On day 71 of my 366-day self-care challenge, I spent the morning getting a mammogram.
This post is a bit more personal than many of the others to date. In fact, I debated about whether it was too personal. But after considering the many women who put off critical preventive care, I decided it was a necessity.
So, let’s just put it out there, getting a mammogram can be stressful. I’ve been reduced to tears a number of times over the years just sitting in the waiting room. And my reaction wasn’t even related to the procedure itself–it was the fear of what the procedure might unearth.
Frankly, that’s why so many women don’t get mammograms in the first place. For whatever reason, we convince ourselves that if we don’t think about something, or don’t address something, it doesn’t exist. If only reality worked that way.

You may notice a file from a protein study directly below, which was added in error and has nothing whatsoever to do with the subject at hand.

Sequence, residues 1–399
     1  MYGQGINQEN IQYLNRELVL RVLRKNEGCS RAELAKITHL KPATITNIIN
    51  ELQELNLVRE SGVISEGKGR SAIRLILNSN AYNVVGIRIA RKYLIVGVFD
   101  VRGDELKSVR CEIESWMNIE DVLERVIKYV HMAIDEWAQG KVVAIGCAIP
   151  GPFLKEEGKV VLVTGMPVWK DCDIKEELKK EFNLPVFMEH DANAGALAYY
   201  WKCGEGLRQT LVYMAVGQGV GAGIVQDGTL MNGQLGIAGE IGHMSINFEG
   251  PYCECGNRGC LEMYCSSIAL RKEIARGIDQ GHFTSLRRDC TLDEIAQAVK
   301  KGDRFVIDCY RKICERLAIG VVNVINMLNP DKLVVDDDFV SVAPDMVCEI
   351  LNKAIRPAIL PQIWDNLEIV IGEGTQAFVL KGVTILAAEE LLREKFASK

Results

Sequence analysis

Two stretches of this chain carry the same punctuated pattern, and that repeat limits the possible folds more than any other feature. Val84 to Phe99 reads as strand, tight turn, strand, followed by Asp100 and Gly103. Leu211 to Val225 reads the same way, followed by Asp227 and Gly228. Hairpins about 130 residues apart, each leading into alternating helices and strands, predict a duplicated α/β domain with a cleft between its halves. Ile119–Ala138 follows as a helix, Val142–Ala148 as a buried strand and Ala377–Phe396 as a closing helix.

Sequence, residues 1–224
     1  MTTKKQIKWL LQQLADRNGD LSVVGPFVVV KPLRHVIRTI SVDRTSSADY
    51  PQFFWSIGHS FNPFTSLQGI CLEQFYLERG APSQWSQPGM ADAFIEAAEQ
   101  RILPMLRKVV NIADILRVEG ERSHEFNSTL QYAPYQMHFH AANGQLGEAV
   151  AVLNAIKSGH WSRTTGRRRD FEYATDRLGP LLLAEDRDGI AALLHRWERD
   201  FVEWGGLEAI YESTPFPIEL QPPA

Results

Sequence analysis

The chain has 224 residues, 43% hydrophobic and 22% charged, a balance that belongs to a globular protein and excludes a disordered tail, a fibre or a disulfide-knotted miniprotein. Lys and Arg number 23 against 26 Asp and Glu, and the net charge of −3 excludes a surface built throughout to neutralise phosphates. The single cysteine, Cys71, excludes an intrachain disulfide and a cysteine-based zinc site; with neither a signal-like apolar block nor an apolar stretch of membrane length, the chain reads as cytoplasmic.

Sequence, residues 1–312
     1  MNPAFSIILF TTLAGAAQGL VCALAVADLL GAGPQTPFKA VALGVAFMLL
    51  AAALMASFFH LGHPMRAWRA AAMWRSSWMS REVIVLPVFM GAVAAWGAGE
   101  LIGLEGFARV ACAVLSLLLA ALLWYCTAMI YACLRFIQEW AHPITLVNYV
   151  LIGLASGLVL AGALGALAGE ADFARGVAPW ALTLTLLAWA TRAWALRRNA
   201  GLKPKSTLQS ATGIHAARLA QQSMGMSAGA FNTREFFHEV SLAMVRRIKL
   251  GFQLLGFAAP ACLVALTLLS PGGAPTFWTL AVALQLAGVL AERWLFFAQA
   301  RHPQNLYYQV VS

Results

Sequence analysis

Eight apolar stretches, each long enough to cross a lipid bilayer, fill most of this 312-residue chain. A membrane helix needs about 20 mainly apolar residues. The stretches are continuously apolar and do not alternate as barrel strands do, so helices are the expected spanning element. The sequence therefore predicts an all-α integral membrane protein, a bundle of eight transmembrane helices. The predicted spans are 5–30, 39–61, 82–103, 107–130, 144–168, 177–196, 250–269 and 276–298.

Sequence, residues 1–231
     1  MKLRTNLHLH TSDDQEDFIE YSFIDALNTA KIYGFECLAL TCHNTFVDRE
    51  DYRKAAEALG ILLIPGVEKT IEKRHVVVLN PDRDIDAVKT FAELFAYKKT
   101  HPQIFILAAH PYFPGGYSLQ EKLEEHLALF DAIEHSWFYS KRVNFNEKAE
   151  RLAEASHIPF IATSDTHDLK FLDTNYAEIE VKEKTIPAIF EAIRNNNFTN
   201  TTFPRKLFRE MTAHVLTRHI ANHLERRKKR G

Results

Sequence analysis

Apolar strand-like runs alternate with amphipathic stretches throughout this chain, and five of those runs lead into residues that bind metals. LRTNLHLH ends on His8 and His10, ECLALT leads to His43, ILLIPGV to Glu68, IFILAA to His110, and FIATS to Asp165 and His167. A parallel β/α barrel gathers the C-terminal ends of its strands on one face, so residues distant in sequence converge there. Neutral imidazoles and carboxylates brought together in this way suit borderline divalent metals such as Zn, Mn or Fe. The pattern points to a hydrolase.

And it doesn’t help that there’s little, if any, transparency when it comes to most health insurance plans. When scheduling my appointment, I asked if the procedure would be covered by my insurance, and I was told to call the number on the back of my card. No problem.
What was my insurer’s response? “It will depend on the procedure and the billing codes that are submitted.” That call ended with the customer service agent wishing me “Good luck.”
Regardless of the cost, which I’m sure will make my jaw drop since 3D procedures are still considered “experimental” (even though they show calcifications more clearly than standard mammograms), preventing diseases is still cheaper than treating and managing them. Choosing to delay or ignore tests and procedures that can detect critical conditions early just doesn’t makes any sense.
Preventive care is one of the basic tenets of self-care. Whether it’s getting blood work or age-specific tests, it’s smart to talk with your provider about your health risks, and decide together what is necessary.